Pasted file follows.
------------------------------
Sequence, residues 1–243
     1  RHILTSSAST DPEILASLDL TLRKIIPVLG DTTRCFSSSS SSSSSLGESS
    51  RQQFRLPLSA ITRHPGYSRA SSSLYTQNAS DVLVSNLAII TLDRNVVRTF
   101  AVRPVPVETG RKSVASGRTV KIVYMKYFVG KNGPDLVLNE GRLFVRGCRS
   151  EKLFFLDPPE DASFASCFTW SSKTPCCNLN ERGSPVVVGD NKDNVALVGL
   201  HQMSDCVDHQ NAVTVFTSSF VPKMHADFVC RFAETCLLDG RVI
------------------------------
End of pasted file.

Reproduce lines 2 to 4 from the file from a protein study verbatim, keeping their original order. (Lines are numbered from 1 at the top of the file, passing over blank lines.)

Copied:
     1  RHILTSSAST DPEILASLDL TLRKIIPVLG DTTRCFSSSS SSSSSLGESS
    51  RQQFRLPLSA ITRHPGYSRA SSSLYTQNAS DVLVSNLAII TLDRNVVRTF
   101  AVRPVPVETG RKSVASGRTV KIVYMKYFVG KNGPDLVLNE GRLFVRGCRS